Requests from sham charities also can sound legitimate, he said. Scammers might use names close to known entities.

“The generosity of Washingtonians around the holidays is certainly true, and we do see scams that frankly prey on Washingtonians’ desire to help people over the holidays,” Ferguson said. “It’s always heartbreaking because these are situations where people are handing over their hard-earned money trying to help someone, and really all it’s doing is lining the pockets of a scammer.

“Obviously, we’re not trying to discourage Washingtonians from giving and helping people out. We just want them to exercise some extra caution before they make that contribution to better ensure it gets to the right recipient for the right purposes.”

To avoid such scams, take time for research and use caution if you’re unfamiliar with a named charity.

Ferguson suggested to avoid giving cash if it’s not a trusted organization. He gave an example of a scam case outside a grocery store that implied giving cash for hungry children, but the money went to the individual.

“We see that over and over again. And, of course, avoid giving out credit card information over the phone. We encourage doing some basic research online with the name of an organization and the word ‘scam’ or ‘complaints’ in the search. See what pops up.”

People also can check if the entity is registered with the Secretary of State and that it’s not part of any lawsuit.

A recent AARP study found that many consumers might open themselves up to risk this holiday season and offered several tips:

• Clarify donation goals. Do additional charity research at give.org, charitywatch.org or charitynavigator.org. Make a list of your charitable giving toward the organizations you want to support. You can decline other requests by saying you’ve already made your giving decisions.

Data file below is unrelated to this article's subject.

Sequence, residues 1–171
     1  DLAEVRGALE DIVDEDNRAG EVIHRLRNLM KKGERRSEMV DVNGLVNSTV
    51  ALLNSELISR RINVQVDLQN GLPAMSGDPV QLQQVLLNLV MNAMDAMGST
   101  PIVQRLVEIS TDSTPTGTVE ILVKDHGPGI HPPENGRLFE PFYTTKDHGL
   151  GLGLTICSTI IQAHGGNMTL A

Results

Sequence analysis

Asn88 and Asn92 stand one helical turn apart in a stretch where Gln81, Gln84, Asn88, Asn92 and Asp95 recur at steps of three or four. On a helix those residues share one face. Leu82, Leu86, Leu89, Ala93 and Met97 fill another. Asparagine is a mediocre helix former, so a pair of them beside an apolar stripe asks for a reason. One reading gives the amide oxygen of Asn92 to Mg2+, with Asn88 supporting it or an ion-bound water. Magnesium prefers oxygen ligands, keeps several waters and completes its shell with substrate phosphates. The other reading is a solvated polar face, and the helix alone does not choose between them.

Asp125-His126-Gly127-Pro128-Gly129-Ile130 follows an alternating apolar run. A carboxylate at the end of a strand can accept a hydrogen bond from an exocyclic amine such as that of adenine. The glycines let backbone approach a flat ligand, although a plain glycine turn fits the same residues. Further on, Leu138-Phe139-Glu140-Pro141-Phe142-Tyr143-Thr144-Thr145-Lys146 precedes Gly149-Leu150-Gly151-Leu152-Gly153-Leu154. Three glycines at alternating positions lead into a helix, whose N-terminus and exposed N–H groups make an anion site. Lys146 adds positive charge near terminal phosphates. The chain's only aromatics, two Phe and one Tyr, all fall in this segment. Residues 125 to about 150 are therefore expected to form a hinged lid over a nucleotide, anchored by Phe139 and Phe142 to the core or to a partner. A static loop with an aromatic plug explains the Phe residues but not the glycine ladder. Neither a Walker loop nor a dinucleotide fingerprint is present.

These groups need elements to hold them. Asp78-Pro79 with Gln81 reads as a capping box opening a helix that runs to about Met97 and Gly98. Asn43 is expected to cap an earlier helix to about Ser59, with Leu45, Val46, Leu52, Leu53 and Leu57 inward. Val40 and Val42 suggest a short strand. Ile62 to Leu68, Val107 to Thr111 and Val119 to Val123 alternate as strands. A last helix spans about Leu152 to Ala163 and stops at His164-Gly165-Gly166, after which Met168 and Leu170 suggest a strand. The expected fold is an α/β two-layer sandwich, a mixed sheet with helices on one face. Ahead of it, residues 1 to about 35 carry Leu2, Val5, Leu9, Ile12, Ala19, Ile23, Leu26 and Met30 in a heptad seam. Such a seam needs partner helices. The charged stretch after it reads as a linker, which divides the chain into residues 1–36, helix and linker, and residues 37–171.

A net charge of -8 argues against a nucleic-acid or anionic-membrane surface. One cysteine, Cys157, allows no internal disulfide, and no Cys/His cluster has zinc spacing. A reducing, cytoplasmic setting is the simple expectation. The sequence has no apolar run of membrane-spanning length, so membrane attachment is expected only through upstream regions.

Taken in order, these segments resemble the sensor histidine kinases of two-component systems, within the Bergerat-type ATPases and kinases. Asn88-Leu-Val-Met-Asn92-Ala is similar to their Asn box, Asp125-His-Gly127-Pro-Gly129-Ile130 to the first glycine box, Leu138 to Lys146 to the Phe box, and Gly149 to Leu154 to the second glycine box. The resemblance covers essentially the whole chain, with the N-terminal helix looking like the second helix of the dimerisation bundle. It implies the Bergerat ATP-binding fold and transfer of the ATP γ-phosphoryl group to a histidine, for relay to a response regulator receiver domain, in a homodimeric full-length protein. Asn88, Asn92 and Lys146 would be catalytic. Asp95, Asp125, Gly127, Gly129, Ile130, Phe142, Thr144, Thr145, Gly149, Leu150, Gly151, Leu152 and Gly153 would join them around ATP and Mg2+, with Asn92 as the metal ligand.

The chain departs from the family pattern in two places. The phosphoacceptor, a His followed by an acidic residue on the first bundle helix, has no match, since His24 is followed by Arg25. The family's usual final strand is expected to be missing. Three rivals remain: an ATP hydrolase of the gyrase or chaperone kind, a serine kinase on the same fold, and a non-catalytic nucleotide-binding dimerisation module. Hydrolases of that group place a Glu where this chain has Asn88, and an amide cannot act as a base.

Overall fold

• Consider using a credit card for gift buying this month. Nearly 70% of U.S adults will use their debit cards this holiday season, but debit cards do not offer the same protections as a credit card, AARP said.

• Buy gift cards carefully. AARP said purchases at grocery stores or pharmacies is common (60%), but gift cards are also a known target for scammers. Visit a retailer’s website and buy the card online. If you do buy from a store, inspect cards for tampering. Keep activation and purchase receipts.

• Watch apps: Nearly half of U.S. adults intend to use peer-to-peer apps such as Venmo to send money. It’s not recommended if you don’t know the person well.

• Plan for delivered boxes. Ask shippers if packages can be held for pickup or request placement in a discreet place or nondescript box and out of view. Scammers might send fake shipping emails to get consumers to disclose payment or personal information. Ignore such urgent demands.

• Be careful online: About 35% of U.S. adults reported fraud when buying a product through an online ad. Some might download malicious software or lead to a cloned site of a legitimate store. Ferguson suggested avoiding emails or ads that promote unrealistic deals. “We have seen situations of fake retail websites that may be a convincing copy of a legitimate site or an entirely made up site. People buy something that actually never arrives.”

And as far as travel scams, Frogner urges people verify a phone number against the airline’s website and ask for credentials. “Take a breath, make sure you’re calling your airlines, ask them directly are you with Alaska, Southwest, Delta? All of the airlines are hit by these people.”

The Spokesman-Review Newspaper

Local journalism is essential.

Give directly to The Spokesman-Review's Northwest Passages community forums series -- which helps to offset the costs of several reporter and editor positions at the newspaper -- by using the easy options below. Gifts processed in this system are not tax deductible, but are predominately used to help meet the local financial requirements needed to receive national matching-grant funds.

Active Person

Subscribe to the Coronavirus newsletter

Get the day’s latest Coronavirus news delivered to your inbox by subscribing to our newsletter.